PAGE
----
Thursday, December 20, 2007

In Defense of My Pet Luggage

Here's a man after my own heart: Seth Stevenson, valiantly having a good kvetch about the ubiquitous roller luggage we all almost dislocate our shoulders with when we travel. Mr. Stevenson is right, for the most part. The wheels have made our airports into amusement park bumper cars rides. It is true that we pack the bags so heavy, we cannot lift them when we stubbornly want to carry them on the plane. It is true that no foot, ankle, elbow or baby carriage will stop us from dragging the bag behind us towards our scheduled destination. People, who are always guilty as charges, then try to lug an overtaxed rolling bag unto the very limited space overhead.
This ornery lady or gent said it best:

It's not the wheels. There are countless ways in which they are necessary. The problem is in taking wheeled bags where they do not belong. Any bag heavy enough to require wheels ought to be wheeled directly to the baggage check station. American travelers, though, are like a horde of Bedouins, hauling everything they own onto the plane and causing chaos, discomfort and rage as they struggle to stuff it all into the overhead compartments. For God's sake, CHECK YOUR BAGGAGE.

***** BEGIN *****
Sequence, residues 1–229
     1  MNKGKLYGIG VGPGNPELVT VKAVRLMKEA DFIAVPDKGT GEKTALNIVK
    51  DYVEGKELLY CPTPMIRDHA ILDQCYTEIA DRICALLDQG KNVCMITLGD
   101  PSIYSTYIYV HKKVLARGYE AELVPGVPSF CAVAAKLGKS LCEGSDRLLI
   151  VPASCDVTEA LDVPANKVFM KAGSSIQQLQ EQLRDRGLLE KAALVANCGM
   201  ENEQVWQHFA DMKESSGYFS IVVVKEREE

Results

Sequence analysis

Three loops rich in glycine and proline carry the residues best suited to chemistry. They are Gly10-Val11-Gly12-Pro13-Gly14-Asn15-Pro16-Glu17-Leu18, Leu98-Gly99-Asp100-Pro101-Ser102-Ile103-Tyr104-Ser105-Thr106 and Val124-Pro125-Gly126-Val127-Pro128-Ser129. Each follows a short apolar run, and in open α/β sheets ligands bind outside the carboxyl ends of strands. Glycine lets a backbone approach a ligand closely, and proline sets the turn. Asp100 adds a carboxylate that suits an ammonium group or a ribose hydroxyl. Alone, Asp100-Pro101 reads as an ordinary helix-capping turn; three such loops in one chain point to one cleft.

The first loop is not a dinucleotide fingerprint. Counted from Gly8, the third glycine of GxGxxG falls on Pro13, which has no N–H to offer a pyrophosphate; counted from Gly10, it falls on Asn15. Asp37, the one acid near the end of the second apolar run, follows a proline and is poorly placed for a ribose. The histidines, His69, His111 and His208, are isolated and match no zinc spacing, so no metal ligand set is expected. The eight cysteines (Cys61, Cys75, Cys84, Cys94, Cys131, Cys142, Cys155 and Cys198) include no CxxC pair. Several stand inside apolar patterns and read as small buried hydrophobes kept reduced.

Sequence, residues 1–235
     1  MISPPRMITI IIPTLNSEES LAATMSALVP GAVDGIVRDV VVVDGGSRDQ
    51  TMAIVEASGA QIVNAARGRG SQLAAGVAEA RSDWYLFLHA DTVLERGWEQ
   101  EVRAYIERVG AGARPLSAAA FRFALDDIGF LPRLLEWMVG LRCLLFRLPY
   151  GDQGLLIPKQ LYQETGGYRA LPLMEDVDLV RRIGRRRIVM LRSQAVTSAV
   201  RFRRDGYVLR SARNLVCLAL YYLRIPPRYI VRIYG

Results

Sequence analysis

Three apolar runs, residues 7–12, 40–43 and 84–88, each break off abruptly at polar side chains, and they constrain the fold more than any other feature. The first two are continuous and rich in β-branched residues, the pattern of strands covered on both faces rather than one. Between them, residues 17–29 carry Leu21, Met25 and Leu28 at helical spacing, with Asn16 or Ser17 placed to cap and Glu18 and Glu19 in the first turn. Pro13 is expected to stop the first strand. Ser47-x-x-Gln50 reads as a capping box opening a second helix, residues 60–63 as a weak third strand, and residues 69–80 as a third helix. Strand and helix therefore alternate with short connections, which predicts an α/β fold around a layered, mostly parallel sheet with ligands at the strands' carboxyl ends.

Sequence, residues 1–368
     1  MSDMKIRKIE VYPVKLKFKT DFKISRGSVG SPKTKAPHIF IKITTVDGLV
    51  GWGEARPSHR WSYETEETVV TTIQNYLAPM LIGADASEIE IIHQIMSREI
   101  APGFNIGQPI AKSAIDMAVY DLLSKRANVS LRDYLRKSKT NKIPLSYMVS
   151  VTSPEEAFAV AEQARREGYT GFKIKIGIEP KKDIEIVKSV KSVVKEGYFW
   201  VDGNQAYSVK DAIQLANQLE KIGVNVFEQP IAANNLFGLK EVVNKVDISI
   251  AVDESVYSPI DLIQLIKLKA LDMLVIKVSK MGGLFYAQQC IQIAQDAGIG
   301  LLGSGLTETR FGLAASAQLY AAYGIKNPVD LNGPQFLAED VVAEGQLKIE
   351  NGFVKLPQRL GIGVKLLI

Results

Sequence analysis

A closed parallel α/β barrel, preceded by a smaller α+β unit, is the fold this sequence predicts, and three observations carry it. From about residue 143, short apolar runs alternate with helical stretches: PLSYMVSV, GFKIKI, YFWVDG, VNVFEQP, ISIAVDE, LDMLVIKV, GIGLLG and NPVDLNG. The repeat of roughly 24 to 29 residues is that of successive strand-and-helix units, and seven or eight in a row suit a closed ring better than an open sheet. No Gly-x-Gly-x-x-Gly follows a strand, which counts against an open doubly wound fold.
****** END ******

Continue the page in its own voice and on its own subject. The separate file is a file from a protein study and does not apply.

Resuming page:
— L. K. Pettit, Helena, Mont.

However, I must speak out on behalf of my bag. I don't have children and I don't have pets. I have my bag. My cherished, loyal Dakota bag. I love her (in Spanish maleta is feminine) like a pet. I leave her at the counter, full of 70 pounds of toiletries, as Mr. Stevenson says, to fend off for herself in that netherworld of luggage abuse that lies beyond the counter. At the mercy of throwers and punchers and people embittered by chronic back pain. Engulfed by all the other overweight, overbearing luggage.
I hope she is safe and sound and not asphyxiated by 50 other bags on top of her. I expect her arrival at the luggage carousel like a mother expecting her toddler from kindergarten, or a puppy from a happy run outside. You can imagine my joy when I see her coming down the bend, sometimes flipped over on her belly, poor thing, quiet and composed. "Hello my darling, are you in one piece? Did anybody try to tamper with you, my sweet?" She's so battered (and she looks exactly like the other gazillion black rolling bags in the carrousel), no one ever pays attention to her. I refuse to decorate her or make her vulgarly identifiable, because I can recognize her a mile away. One day, a stupid passenger almost absconded with her, thinking it was hers.
I recognize her beautifully curved edges, her plump black wheels. She has no hard edges, but she is sturdy, no nonsense. Everything about her screams, "I won't mess with you; don't you mess with me". She is dignified and polite, but a total trooper. She never fights with the other bags, unless they are stifling her. She resents monogrammed luggage with logos as much as she hates cardboard boxes tied with twine. She is resolutely, proudly nondescript, but she has class.
And when I come back to my hotel room after a hard day of being a tourist, she is always there waiting for me. Not a kvetch out of her, ever.
I bought at Altman's in the Lower East Side almost fifteen years ago. She has been with me on every trip, business and pleasure, I have taken since.
And now, I'm taking her to China!

No comments:

Post a Comment